Blessed assurance, Jesus is mine,
Oh what a foretaste of glory divine;
Heir of salvation, purchase of God,
Born of his spirit, washed in His blood…
The quote above is taken from an old hymn that we sang frequently in my church. As people who know me begin to react to my agnostic atheism and try to change my mind, the words from ‘Blessed Assurance’ run through my mind. A few have taken it upon themselves to help me see the error of my ways. They are very polite and warm in the way they do it. It usually comes in the form of recommending a book/article/sermon that will supposedly solve my hard questions. It is then followed up with a personal and detailed plea. Every single person that has done this recently is a Christian who takes the Bible as the authoritative word of God and believes there is no salvation found outside of Christianity for mankind. They are absolutely certain that what they believe is the truth-no question, no doubts(or at least that is what they tell me).
But when I hear these individuals speak to me with such assurance-as if what they are saying is factual-I can’t help but think how different this conversation would be if their circumstances of existence were different.I mean these are all people born in predominately Christian nations and raised in Christian families. But what if they’d been born in Somalia instead? I’m sure the discussion would not be the same.They’d be telling me that Islam was the true and perfect religion instead. Much of what we believe in terms of religion is based upon what our families pass down to us, the geographical location we are born in and the time we are born in. Many of us stick to whatever the default position of our society is. With that in mind, how can one confidently assert that their faith, and theirs only, is the path that leads to God?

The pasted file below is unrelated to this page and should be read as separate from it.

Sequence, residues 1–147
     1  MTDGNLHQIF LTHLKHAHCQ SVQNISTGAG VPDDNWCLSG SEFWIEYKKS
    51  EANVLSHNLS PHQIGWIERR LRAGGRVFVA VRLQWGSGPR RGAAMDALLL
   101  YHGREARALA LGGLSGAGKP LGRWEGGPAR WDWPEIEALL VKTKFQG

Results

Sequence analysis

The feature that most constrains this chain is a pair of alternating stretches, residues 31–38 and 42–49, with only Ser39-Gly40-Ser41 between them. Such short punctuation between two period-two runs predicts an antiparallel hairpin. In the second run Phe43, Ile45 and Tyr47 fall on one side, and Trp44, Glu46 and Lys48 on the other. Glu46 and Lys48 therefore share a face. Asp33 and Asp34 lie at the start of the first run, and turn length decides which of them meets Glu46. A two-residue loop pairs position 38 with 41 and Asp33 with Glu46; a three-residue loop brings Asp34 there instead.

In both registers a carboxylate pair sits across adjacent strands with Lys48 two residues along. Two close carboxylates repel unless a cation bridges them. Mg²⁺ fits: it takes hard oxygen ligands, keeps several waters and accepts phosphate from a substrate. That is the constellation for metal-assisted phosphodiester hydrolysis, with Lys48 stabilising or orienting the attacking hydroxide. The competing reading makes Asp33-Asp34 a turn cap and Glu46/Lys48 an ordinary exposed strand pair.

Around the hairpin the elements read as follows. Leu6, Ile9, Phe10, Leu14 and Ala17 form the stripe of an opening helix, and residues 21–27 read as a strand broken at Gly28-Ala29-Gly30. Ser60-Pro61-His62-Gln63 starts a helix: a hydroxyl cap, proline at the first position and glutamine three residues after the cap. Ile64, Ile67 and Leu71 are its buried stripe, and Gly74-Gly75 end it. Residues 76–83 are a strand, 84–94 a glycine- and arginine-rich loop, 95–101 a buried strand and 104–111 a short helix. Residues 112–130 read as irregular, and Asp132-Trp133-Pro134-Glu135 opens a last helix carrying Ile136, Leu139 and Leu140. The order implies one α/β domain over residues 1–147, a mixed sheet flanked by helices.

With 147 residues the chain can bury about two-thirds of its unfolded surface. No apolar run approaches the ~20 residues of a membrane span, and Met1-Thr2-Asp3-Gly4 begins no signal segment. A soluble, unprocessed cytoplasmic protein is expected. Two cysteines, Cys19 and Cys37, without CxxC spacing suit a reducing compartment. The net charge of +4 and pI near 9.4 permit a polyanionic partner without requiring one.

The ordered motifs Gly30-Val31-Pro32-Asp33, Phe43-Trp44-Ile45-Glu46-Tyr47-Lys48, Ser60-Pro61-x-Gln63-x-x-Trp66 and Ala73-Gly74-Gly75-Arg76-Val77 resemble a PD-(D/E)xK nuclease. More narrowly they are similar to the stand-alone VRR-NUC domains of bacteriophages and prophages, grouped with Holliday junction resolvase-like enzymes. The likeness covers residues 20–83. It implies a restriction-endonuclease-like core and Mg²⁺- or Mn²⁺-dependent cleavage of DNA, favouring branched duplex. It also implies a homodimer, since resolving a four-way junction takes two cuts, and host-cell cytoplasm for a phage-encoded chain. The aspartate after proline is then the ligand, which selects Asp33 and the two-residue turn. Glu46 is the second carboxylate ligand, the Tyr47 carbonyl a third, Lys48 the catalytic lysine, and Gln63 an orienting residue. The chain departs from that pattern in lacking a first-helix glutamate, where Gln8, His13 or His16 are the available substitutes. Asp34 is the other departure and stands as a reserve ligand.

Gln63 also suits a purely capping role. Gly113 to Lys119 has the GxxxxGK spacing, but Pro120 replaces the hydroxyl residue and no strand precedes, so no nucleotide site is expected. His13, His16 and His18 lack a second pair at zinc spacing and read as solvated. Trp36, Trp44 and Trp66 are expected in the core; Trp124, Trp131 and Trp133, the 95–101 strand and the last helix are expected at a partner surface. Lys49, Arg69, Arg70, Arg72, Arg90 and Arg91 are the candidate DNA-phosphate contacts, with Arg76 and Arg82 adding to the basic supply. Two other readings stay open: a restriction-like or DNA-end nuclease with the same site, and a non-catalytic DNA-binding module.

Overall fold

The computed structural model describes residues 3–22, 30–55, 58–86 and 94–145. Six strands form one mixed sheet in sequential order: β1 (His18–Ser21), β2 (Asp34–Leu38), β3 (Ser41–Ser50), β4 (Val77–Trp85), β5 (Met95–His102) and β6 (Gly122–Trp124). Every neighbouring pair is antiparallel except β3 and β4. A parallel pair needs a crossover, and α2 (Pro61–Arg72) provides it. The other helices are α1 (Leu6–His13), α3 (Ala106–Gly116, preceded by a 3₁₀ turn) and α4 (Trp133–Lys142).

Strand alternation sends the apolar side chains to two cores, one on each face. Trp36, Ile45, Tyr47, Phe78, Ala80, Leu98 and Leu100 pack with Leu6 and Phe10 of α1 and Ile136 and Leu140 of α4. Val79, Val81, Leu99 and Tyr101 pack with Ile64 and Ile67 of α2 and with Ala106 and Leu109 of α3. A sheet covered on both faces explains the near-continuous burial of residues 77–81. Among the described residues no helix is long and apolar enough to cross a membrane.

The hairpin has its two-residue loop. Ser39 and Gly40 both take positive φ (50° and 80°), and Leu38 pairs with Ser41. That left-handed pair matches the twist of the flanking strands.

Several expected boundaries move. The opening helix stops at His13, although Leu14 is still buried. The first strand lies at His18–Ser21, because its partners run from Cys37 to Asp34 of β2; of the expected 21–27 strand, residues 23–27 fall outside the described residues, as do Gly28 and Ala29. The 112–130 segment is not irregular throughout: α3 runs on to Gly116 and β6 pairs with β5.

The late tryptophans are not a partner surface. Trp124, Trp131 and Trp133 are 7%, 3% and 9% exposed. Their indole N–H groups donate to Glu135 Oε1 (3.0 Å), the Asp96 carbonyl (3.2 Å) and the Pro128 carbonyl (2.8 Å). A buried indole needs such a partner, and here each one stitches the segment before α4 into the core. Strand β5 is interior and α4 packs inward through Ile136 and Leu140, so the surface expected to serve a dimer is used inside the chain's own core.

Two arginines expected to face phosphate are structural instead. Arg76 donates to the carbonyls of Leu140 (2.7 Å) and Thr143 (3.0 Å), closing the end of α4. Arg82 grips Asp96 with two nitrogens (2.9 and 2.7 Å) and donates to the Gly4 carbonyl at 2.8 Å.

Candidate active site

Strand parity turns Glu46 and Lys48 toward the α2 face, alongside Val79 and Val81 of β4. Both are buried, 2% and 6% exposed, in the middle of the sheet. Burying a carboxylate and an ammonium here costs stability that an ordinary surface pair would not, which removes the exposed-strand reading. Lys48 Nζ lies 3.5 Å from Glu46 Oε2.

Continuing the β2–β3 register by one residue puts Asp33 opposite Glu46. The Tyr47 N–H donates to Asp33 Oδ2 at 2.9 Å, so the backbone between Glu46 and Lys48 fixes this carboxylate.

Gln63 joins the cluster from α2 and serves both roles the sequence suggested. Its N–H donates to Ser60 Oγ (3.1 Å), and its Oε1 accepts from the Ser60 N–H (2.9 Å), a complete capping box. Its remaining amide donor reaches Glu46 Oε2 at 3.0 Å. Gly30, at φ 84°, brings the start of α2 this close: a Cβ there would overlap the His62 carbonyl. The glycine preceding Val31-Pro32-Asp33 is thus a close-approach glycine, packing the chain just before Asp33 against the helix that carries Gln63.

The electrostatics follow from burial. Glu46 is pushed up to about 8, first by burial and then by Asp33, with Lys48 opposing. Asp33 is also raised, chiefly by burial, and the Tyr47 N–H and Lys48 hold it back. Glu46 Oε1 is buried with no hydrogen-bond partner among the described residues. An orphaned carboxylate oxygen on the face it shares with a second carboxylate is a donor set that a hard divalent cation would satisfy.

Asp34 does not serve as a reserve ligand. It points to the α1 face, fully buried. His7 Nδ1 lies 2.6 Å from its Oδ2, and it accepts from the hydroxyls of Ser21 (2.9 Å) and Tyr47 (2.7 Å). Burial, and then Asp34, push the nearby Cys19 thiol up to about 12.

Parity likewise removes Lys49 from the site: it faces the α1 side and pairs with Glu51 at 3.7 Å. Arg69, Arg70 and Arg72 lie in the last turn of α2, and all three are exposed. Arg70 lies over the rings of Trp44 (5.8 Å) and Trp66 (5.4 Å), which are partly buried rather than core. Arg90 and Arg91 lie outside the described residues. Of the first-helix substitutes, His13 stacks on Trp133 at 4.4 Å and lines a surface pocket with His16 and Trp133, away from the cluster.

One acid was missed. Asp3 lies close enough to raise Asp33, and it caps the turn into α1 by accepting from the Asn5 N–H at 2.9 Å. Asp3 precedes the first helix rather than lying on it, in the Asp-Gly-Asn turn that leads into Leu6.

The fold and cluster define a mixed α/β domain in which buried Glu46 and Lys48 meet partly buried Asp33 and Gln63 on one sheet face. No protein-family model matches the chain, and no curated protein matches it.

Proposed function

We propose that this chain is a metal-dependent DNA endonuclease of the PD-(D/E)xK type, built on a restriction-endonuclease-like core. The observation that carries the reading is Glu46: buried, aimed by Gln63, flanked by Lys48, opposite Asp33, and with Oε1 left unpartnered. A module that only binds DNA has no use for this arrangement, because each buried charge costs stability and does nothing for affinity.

4 thoughts on “Blessed Assurance, Part I”
I was just reading the sparknotes for Mody Dick online (don’t ask, I’m crazy). And the only character in that story who survives when the big whaling ship goes down is Ishmel. I hope I’m spelling his name right. Apparently he was the only shipmate willing, or possibly capable to be able to take in all the views of the others on the ship. He was the only one blessed to be able to allow others their own life, their own story. Theiredifferences did not extinguish him, as his sense of who he was needed no fortification really, or perhaps it was fortifified in being surrounded by a kind of honesty. He let others be who they were, and because of this he knew them. He did not force them to contort into the only shape his eye was capable of perceiving. I think he was also at a low-point when he decided to take a life at sea, so apparently he had cast aside all sense of hope or expectations for his life. Funny huh? He goes out looking for the great white whale, thinking it a death sentance and in the end he’s the only one alive. I guess this is my long and winding road to saying, there is no assurance, and if we hope to remain alive in life, we should be willing to cast ourselves upon the sea of doubt? The unknown? all this from not reading the damn book :).
Frankly, I am still very much haunted by those in my life who still believe. Those who still live with that blessed assurance. It’s not that I want to believe that stuff, but it’s so lonley being the person on the outside. For me anyway. Oh, well, need to get ready for work. I’m still cleaning up that piece on submission I told you about last week.
This is such a good point, and one I wish that people would think more about. Sadly they almost never do.
yeah, I know. i guess fighting is more distracting.